The idea that biodiversity loss leads to poor microbiota, immune dysfunction, and disease isn’t new. It’s been assumed for the last couple of decades that allergies to pollen, animals, and food demonstrate the harmful immune response caused not by nature excess but by nature deficiency — a lack of protective factors.

Exposure to plants in other ways can help humans to be healthier. A plant-based diet can also support health, as many of its components have anti-inflammatory properties protecting against noncommunicable diseases. Local food and self-produced fruits, vegetables, and roots maintain rich gut microbiota. Many health organizations today are talking up the the gut-brain axis, and associations between gut microbiota and mental disorders have been confirmed.

Our mental and sociocultural links to a biodiverse environment are also strong. Green space can provide mental health benefits and possibly lower risk of psychiatric disorders. Regular access to green spaces has been linked to lower risks of depression and improved concentration and attention. A nation-wide study in Denmark covering >900,000 people shows that children who grew up with the lowest levels of green space had up to 55% higher risk of developing a psychiatric disorder independent from effects of other known risk factors.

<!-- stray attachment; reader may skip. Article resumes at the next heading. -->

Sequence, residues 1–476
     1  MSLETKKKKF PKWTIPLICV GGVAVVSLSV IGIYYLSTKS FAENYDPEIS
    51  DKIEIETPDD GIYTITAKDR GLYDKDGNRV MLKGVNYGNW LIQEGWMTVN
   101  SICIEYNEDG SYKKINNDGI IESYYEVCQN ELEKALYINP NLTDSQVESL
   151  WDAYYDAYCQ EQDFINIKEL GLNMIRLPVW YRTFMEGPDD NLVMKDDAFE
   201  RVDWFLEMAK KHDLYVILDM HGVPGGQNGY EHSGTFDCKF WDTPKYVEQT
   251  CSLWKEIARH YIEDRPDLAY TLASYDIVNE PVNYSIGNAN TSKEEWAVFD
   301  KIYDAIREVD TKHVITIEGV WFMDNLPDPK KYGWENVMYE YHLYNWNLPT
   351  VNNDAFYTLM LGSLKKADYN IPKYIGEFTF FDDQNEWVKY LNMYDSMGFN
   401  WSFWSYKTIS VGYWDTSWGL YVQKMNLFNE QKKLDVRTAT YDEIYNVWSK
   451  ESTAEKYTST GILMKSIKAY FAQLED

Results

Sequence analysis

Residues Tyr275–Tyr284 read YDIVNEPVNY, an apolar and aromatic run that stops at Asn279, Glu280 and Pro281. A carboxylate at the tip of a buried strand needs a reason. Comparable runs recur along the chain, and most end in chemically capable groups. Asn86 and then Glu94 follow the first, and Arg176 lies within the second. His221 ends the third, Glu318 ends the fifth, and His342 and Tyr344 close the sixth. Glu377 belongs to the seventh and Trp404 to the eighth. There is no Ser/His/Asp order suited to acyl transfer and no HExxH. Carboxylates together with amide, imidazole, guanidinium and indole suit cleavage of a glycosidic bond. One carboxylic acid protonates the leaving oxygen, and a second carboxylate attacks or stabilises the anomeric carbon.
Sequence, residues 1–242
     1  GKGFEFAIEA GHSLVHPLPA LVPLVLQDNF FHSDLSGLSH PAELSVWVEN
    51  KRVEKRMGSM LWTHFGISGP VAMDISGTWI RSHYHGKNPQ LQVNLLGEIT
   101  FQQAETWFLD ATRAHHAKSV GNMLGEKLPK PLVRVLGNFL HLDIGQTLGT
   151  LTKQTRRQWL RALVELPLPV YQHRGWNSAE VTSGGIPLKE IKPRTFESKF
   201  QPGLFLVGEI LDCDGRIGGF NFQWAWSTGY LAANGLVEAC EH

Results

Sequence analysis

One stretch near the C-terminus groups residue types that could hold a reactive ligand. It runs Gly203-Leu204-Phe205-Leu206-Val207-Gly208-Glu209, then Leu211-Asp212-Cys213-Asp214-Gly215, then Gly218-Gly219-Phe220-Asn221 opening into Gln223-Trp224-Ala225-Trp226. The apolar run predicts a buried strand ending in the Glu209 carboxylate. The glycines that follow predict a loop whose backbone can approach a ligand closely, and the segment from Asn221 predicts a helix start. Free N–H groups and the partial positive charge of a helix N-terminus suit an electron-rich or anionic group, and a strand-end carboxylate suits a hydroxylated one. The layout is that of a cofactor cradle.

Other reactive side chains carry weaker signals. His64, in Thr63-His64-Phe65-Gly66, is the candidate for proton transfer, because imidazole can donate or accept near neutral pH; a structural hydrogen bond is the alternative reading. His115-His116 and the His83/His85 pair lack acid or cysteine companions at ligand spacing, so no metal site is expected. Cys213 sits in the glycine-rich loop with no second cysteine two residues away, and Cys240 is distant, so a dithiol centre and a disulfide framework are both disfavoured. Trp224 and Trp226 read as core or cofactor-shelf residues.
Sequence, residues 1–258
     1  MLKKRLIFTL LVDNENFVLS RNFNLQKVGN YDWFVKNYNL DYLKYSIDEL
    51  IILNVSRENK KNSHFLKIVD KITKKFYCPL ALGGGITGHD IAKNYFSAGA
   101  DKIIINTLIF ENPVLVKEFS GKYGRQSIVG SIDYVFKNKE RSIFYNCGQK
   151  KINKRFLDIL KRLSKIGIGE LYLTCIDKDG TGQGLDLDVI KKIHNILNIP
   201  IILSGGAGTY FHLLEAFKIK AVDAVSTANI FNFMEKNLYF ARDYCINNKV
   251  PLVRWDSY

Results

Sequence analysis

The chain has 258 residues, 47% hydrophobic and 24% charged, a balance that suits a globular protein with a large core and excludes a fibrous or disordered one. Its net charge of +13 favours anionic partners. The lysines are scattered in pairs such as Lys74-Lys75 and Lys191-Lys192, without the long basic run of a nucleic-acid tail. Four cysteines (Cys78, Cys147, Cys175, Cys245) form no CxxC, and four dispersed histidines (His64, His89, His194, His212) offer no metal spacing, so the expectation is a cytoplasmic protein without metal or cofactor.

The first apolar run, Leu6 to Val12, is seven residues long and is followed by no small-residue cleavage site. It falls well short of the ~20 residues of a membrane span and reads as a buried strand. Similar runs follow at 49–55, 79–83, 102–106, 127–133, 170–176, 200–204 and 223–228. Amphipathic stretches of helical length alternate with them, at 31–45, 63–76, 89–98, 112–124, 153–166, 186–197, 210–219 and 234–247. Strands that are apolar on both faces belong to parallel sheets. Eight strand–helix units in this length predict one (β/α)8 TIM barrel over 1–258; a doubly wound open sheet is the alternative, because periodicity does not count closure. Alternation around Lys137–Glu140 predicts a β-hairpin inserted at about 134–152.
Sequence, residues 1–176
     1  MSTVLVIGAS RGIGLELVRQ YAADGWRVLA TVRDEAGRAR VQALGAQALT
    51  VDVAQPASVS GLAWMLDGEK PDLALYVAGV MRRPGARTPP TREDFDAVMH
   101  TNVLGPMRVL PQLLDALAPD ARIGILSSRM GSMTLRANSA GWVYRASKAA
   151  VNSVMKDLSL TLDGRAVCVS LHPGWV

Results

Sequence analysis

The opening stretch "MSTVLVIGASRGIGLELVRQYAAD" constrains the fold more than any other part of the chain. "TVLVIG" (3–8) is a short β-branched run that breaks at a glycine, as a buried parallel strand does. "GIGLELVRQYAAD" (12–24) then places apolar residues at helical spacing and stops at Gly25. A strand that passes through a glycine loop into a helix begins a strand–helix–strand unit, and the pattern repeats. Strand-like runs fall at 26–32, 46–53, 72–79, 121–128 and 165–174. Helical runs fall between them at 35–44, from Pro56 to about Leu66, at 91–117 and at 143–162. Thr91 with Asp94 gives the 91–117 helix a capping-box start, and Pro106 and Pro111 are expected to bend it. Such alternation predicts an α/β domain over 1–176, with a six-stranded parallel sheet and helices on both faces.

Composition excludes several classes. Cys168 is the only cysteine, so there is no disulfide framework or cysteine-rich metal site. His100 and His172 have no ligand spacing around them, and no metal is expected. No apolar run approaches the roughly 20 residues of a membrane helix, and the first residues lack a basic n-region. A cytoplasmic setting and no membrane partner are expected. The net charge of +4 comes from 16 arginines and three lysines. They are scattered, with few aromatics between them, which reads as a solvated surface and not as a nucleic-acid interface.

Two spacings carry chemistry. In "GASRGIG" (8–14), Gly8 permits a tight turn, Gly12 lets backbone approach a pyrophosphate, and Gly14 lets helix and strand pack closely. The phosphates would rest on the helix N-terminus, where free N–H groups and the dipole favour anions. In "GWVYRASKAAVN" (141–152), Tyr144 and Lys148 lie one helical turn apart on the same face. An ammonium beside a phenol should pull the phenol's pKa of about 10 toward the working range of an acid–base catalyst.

Stronger association between accumulated green space and risk during childhood constitutes evidence that prolonged presence of green space is important. Of course, with the complexities inherent in today’s lifestyles and climate damage, it’s not possible to control for all the environmental factors that impact human health. But having the opportunity to become closer to nature seems to be making a real difference in human health through the microbiomes we all-too-often take for granted.